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Taxation of Perquisites: SC Rules on Constitutionality


In a recent judgment, the Supreme Court ruled on constitutionality of Section 17(2)(viii), IT Act, 1961 and Rule 3(7)(i), IT Rules, 1962 which include concession loans under perquisites and provided for their valuation respectively.  

Section 17(2) defines perquisites to include various perks under different clauses. Section 17(2)(viii) is a residuary clause which empowers the executive to include other perks and uses the phrase: ‘as may be prescribed’. Rule 3, IT Rules, 1962 prescribes the additional amenities and benefits that are taxable as perquisites. Rule 3(7)(i) provides that interest-free/concessional loans provided by a bank to its employees are taxable as fringe benefits or amenities if the interest charged on such loans is less than the Prime Lending Rate charged by the State Bank of India. 

Both the provisions – Section 17(2)(viii), IT Act, 1961 and Rule 3(7)(i), IT Rules, 1962 – were challenged on the ground of excessive and unguided delegation of essential legislative function to the Central Board of Direct Taxes (‘CBDT’). Rule 3(7)(i) was also challenged for being arbitrary as it made the Prime lending Rate charged by the SBI as the benchmark lending rate. 

SC Decides: Not Unconstitutional

Supreme Court examined the scope of Section 17 and noted that while the various clauses had included different kinds of perquisites in its scope, clause (viii) as a residuary clause had deliberately left it to the rule making authority to tax ‘any other fringe benefit or amenity’ by promulgating a rule. And it was in exercise of this power that Rule 3(7)(i) of IT Rules, 1962 was enacted. The effect of the Rule was two-fold: first, interest-free/concession loans were included in the definition of perquisite; second, the valuation rule suggested that the value of loan was to be calculated as per the Prime Lending Rate charged by the State Bank of India.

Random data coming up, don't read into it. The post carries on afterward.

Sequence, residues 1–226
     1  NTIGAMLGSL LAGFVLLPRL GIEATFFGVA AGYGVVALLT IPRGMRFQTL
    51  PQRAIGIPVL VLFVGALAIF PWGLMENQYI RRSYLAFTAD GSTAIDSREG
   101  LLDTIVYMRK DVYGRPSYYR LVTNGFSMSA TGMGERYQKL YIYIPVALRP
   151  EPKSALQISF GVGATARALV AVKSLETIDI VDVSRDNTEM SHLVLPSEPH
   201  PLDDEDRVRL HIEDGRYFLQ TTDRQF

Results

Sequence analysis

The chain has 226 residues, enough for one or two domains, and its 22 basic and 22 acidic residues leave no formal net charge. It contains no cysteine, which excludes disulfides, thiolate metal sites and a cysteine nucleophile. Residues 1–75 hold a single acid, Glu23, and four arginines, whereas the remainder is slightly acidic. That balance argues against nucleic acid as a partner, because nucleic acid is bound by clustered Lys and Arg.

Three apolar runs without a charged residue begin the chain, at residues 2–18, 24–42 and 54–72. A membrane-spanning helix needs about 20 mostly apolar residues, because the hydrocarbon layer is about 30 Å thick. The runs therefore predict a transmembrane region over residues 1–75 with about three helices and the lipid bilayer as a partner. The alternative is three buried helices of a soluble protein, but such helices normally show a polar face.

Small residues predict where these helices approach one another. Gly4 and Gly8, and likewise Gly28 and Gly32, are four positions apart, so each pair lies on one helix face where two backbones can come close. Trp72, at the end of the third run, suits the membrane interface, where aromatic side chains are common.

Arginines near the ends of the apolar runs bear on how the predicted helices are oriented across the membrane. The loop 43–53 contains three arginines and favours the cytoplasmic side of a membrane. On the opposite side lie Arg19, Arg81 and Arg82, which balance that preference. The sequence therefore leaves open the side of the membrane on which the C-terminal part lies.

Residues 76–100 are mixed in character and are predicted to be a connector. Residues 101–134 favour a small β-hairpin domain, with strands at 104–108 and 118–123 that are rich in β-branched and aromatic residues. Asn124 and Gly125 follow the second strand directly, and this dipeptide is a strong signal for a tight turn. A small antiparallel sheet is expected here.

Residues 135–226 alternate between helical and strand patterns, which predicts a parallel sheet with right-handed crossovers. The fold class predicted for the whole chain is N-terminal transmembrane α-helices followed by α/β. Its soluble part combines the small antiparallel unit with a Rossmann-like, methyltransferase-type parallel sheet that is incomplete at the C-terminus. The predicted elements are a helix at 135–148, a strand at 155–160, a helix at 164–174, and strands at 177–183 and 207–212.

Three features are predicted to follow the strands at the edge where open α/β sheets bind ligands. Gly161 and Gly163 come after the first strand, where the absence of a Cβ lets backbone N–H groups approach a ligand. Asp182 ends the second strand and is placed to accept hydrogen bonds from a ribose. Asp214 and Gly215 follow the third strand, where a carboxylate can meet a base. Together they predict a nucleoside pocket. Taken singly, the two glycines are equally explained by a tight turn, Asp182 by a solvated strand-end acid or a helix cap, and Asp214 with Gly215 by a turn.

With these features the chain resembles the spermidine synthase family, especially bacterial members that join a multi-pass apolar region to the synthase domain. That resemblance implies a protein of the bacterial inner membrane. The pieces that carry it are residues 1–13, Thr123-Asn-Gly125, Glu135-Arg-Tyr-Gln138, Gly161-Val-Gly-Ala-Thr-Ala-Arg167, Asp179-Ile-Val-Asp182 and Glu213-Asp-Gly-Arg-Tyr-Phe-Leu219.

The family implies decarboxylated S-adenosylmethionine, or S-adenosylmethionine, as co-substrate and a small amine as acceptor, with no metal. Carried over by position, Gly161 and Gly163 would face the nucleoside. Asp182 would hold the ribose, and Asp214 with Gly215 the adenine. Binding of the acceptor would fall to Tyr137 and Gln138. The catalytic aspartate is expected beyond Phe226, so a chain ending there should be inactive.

The Supreme Court elaborated on the meaning of the term perquisite and noted that it should be assigned the meaning as in common parlance. It also cited a few judicial decisions and held that perquisite can be understood to mean a privilege or gain related to employment. And based on this understanding a concessional/interest-free loan will certainly qualify as a perquisite. (para 19) 

The other questions were whether Section 17(2)(viii) read with Rule 3(7)(i) led to delegation of essential legislative function. Relying on Birla, Cotton, Spinning and Weaving Mills case, the Supreme Court noted that essential delegated legislative function means the determination of legislative policy. And that as per relevant judicial precedents, allowing executive freedom to determine whom to tax and finalizing tax rates was not delegation of essential legislative function. In the impugned case, the Supreme Court observed that the legislative policy was encoded in Section 17, and the rule making power was not boundless. The rule making body under Section 17(2)(viii) was bound to include only a perquisite within the ambit of taxation. And it was in pursuance of the policy provided in the main legislation, that Rule 3(7)(i) makes an interest-free/concession loan taxable.